TEA conference presentation sum-up: Scalable peer-feedback design in MOOCs?

On Thursday 5 October I got the chance to present our pilot study about scalable peer-feedback design at the TEA conference (International Technology Enhanced Assessment Conference) in Barcelona. In this post, I want to give you a short overview of our study.

Incentive of the study
The motivation behind our study was to investigate whether and how embedded, student-focused peer-feedback design has an impact on student perception regarding peer-feedback. In the literature, peer-feedback is seen as a scalable way to manage large student numbers. Scalability often is approached by a quantitative perspective: “A MOOC is scalable because it provides education to large student numbers.” NO! It would be a shame to pursue a purely quantitative goal in education. What we want is high quality at large scale. That’s why we introduced the term ‘Educational scalability’ which is the capacity of an educational format to maintain high quality despite increasing or large numbers of learners at a stable level of total costs (Kasch, Van Rosmalen, Kalz, 2017, submitted).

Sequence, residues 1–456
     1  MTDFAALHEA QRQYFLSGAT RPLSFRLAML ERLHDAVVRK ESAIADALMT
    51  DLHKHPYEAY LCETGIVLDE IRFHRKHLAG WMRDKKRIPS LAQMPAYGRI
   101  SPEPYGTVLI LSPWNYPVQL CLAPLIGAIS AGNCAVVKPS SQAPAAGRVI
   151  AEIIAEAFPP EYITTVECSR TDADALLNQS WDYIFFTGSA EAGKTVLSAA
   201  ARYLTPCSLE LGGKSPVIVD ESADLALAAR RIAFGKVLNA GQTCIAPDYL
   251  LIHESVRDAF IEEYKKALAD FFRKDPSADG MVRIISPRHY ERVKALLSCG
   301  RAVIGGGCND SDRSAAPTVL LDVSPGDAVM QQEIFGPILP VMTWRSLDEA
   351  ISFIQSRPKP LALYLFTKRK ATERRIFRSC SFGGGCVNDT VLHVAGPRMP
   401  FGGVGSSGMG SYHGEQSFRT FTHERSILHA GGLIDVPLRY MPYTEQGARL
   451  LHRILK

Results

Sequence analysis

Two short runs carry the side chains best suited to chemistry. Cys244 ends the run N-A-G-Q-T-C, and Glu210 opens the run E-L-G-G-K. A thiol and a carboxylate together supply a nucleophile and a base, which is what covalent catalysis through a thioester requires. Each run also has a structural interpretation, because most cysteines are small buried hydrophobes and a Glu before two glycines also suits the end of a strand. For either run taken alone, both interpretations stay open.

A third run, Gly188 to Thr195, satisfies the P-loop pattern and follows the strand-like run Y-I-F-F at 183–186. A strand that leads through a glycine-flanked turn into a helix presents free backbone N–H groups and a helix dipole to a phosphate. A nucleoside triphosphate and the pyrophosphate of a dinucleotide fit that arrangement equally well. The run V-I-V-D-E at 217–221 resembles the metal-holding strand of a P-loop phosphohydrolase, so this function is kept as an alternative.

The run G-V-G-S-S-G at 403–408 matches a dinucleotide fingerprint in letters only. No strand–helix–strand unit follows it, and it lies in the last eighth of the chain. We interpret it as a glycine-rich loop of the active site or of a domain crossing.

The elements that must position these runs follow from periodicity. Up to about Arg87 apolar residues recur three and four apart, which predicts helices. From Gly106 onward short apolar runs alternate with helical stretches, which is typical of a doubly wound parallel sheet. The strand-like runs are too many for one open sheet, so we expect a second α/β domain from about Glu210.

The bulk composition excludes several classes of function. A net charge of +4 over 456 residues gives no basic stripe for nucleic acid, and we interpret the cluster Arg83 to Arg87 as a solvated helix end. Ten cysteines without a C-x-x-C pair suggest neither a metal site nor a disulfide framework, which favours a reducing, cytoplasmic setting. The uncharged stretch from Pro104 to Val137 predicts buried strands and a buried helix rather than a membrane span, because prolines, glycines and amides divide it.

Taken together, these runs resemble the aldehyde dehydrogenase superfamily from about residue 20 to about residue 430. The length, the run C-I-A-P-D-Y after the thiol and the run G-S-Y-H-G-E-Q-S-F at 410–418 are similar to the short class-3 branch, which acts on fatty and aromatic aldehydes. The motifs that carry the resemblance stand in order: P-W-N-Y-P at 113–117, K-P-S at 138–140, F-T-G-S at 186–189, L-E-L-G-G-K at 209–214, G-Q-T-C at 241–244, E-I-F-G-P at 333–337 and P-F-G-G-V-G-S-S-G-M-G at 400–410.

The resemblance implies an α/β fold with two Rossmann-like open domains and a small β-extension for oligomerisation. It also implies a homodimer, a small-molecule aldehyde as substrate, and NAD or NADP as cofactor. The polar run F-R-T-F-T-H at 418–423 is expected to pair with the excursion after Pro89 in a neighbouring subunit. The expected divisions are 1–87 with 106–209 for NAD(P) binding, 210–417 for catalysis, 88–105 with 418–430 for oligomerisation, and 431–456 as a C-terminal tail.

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Author Julia Kasch

PhD student at the Welten Institute (Research Center for Learning, Teaching and Technology) of the Dutch Open University. Her PhD project is part of the SOONER project which is about the structuration of open online education in the Netherlands. Within her research she focuses on scalability solutions within Open Online Education regarding several aspects such as support, assessment and feedback methods. She is a member of the ICO research school (Interuniversity Center for Educational Sciences) and her background lies in Psychology and Learning Sciences. After completing her Bachelor (2013) and Master (2014) studies at Twente University, she worked at Bartiméus Foundation, as a researcher on a short term project (8 months). The Bartiméus Foundation provides education for blind and visually impaired children and young people. During her work at Bartiméus Foundation, Julia focused on supporting text comprehension, recall and information search in blind and visually students by adapting text designs.

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